I dont know if we should go as far as that. But I want to say that equating the connections with the geometries is not altogether *my* satz (it is something Ambitwistor suggests others do too) and also that I am a bit leery of it.

I was just looking at a paper by a Dutchman named Arnsdorf who said what he meant by a "geometry" was an equivalence class of metrics under diffeomorphism!!!! get that. woooo. pretty general.

We still have a lot of time to try things out and decide on what words to use how, it's ongoing.

the Arnsdorf paper was in a set of 3 links that Ambit. just gave:

The first two seemed quite interesting, I'm going to check the third now. Why do people say foam gravity research is "bogged down"?
Ambitwistor
#17
Oct25-03, 11:59 AM
P: 837
Originally posted by marcus
You mentioned a talk just given by Perez (I think he is a Penn State) do you happen to know if the talk is online, or what the title was?
The talk was "2+1 Gravity and the Physical Scalar Product from Spin Foams"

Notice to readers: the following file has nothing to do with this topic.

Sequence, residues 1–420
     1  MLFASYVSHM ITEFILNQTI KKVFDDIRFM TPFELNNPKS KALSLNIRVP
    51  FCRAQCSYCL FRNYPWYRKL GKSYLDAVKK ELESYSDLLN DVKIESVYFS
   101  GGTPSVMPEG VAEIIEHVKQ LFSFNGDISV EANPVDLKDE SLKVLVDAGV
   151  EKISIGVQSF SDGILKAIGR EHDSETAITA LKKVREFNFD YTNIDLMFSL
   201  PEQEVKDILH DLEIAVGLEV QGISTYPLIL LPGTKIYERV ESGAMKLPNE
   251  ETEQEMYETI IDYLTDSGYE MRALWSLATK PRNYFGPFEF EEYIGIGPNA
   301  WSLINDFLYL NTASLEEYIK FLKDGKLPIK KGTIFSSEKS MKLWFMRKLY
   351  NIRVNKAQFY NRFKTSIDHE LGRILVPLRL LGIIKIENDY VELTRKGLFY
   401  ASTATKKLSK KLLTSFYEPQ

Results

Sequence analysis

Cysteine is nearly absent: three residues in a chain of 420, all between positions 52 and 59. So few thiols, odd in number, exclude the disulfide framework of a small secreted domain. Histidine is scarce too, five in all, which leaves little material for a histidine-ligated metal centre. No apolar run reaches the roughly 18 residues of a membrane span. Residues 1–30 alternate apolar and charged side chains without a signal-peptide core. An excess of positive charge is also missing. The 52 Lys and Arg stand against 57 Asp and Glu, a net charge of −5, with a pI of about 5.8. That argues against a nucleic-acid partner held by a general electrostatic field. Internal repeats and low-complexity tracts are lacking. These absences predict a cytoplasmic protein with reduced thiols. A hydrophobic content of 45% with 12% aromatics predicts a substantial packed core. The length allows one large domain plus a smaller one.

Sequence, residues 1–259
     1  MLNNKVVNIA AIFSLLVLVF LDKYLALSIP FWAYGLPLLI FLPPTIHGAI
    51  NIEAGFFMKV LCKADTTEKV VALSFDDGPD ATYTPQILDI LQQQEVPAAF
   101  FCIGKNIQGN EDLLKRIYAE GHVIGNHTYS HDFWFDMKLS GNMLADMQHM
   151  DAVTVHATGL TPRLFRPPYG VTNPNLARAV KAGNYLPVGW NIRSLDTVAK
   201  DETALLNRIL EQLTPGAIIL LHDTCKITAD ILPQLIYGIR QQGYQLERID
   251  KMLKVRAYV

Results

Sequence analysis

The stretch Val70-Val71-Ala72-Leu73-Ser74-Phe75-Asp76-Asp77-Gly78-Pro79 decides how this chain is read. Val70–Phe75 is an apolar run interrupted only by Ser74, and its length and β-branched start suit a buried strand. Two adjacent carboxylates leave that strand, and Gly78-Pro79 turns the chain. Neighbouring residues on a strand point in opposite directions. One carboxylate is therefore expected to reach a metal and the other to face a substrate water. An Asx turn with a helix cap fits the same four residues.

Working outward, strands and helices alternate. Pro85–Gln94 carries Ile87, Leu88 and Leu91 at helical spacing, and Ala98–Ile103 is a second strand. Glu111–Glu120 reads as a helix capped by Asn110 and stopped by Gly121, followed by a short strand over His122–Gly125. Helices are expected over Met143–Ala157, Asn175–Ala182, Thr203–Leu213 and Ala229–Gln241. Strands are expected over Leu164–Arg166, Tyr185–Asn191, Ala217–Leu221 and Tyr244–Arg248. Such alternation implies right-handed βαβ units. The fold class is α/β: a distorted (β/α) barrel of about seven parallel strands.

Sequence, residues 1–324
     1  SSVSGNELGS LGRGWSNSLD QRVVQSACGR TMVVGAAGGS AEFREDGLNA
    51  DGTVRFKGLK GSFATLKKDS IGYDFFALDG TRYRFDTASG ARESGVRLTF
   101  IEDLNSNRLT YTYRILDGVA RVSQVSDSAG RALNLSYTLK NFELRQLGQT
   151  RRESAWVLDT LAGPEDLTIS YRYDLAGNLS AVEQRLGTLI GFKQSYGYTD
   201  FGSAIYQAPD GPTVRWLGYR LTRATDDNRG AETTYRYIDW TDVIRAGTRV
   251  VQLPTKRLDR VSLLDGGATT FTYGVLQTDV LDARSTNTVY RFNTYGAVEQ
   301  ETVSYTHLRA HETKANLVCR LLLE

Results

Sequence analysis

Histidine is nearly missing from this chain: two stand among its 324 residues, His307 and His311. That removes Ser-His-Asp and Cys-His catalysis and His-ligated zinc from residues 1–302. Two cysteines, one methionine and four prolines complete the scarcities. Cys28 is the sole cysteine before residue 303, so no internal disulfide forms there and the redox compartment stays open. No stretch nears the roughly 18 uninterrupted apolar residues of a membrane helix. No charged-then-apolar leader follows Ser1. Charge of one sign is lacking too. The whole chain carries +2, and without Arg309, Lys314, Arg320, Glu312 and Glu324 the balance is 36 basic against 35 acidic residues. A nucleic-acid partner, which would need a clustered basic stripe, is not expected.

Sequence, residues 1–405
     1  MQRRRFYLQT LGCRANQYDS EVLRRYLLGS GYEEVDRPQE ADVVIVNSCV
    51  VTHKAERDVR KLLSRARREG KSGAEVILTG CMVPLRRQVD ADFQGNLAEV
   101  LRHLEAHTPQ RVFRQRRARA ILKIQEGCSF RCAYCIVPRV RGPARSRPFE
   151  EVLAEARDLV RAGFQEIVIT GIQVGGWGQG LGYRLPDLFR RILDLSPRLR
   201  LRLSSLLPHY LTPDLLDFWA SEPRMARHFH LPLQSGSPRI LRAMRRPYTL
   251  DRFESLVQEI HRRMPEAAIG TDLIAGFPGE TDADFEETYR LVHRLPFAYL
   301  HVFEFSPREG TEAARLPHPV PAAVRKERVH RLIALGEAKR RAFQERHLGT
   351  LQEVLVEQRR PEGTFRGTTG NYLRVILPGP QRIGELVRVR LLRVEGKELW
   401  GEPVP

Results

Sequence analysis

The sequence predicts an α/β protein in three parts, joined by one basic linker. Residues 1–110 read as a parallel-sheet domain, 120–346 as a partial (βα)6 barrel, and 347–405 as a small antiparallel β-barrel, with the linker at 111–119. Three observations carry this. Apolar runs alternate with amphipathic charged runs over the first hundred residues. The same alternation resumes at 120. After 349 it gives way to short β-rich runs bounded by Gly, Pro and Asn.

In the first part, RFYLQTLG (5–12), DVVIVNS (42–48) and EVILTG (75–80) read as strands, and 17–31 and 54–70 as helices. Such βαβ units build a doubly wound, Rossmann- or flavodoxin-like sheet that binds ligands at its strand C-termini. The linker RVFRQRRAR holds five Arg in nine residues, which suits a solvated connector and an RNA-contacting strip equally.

http://www.phys.psu.edu/events/index...&event_type=17

The CGPG used to put all their talks online, but they appear not have done that this semester...
marcus
#18
Oct25-03, 12:13 PM
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I believe you mentioned having to be out of town on the weekend of the 31 thru 1 and were wondering if there was some way of getting copies of the talks to be given at Strings Meets Loops symposium at Berlin

I guess you would be particularly interested in what Lewandowski is going to say about the Hamiltonian constraint

also Thiemann probably is interested and may have an advance copy

have you or would you think it OK to ask?

Also maybe some other poster here knows of how we can get
copies of the talks after they are given. Will they be at the Albert Einstein Institute website? Does anyone know?

BTW I am interested in getting a copy of Rovelli's symposium talk on spin foams when it is available (this is the one I am most curious about)